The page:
POWDERLY, Ky. (AP) — When you meet Cadence Stone, she looks and acts like any active, healthy teen.

The 13-year-old is tall for her age -- more than an inch taller than her mom.

Cadence is a straight-A student who likes math, animals and riding her Tennessee Walker named Sophia.

At her tender age, Cadence already has decided on a career as a pediatric nurse.

She appears to be the picture of health and well-being.

Yet, this Muhlenberg North Middle School eighth grader needs a kidney transplant. Currently, her kidneys are functioning at 25%. If they dip to 20%, Cadence will need dialysis.

As a preschooler, Cadence was diagnosed with focal segmental glomerulosclerosis, or scars in her kidneys' filters. That diagnosis comes with an expectation of dialysis and a kidney transplant.

Cadence managed pretty well until last summer, when she became more tired and told her parents she didn't feel well. They discovered her kidney function dropped about the same time she started taking a drug to treat her Crohn's disease, and doctors believe teen-related hormonal changes may be partly to blame.

On Jan. 15, she will meet with her transplant team at Cincinnati Children's Hospital in Cincinnati, Ohio. Her parents, Chris Stone and Leslie Waltrip, of Muhlenberg County, expect testing for live donors to begin soon after. Several people already have indicated they want to be tested as potential donors.

If a match is found, Cadence's transplant surgery will be scheduled. However, surgeons want to remove her kidneys six weeks prior to her transplant to reduce complications during the transplant surgery, her parents said.

During that six-week period, she will be totally reliant on dialysis.

"She's a pretty tough kid," her dad said.

Cadence agreed.

When she was 3, her parents noticed her abdomen appeared swollen. That was the first indication something was wrong.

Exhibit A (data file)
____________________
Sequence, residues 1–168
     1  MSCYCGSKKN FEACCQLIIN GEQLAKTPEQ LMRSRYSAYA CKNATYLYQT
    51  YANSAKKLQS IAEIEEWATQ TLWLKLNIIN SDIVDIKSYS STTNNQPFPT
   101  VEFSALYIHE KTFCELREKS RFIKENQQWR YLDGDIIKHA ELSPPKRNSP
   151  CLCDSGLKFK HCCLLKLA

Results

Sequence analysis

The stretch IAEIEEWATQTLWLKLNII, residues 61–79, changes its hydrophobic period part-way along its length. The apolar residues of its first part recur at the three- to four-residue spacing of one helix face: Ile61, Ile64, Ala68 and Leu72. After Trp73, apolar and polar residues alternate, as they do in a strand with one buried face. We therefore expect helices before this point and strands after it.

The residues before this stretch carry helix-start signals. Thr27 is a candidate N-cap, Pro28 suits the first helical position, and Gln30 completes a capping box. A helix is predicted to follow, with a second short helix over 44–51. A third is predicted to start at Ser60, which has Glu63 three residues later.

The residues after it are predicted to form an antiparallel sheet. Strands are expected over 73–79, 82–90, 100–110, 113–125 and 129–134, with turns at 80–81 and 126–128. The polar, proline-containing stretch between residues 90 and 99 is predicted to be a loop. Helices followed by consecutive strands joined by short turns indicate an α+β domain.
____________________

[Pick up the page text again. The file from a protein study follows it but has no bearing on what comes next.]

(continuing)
"It got to the point that we could push on her stomach and our handprint stayed," Waltrip said.

At first, Cadence was diagnosed with nephrotic syndrome, a treatable disorder that doctors hoped would go into remission. Once she was diagnosed with FSGS, however, they felt sure she would eventually need dialysis and a transplant.

Transplant surgery costs can range from $100,000 to more than $800,000. Cadence's parents believe they have adequate health insurance.

However, many out-of-pocket expenses not covered by insurance -- lost wages, travel and lodging -- may cause financial strain beyond transplant costs, Stone and Waltrip said. For example, while Cadence is on dialysis before the transplant surgery, she may be required to stay in Cincinnati for an extended period of time.

Then, after receiving her transplant, Cadence must return to Cincinnati Children's Hospital twice a week for six weeks. For a while, she will go once a week. Eventually, she will make monthly visits.

Also, for the rest of Cadence's life, her copays and medications are estimated to cost about $5,000 a year.

To help with upcoming and ongoing expenses, Cadence's medical team at Cincinnati Children's Hospital recommended the Children's Organ Transplant Association. COTA is a national nonprofit that provides guidance to community volunteers who want to raise funds for a patient's transplant-related expenses.

Cadence's parents liked the idea of using COTA more than GoFundMe or social media efforts. They felt COTA brought legitimacy to the fundraising process because donations don't go to them or local volunteers. Donations go to COTA and are earmarked for Cadence's use.

Also, 100% of funds raised assist with transplant-related expenses, according to a COTA press release.

Stone also was impressed that COTA oversees the distribution of funds to recipients. Money raised for Cadence will be available throughout her lifetime.

"We want it there for her when she's 26 or 36," her dad said.

In Muhlenberg County, volunteers started raising money last month for COTA in Cadence's honor. They hope to raise a total of $50,000.

So far, the community has raised $8,600.

Contributions for Cadence may be sent to Children's Organ Transplant Association, 2501 West COTA Drive, Bloomington, Indiana 47403. Checks should be made payable to COTA with "In Honor of Cadence Stone" written on the memo line.

Donations may also be made online at www.COTAforCadence.com.

Copyright 2020 The Associated Press. All rights reserved. This material may not be published, broadcast, rewritten or redistributed.

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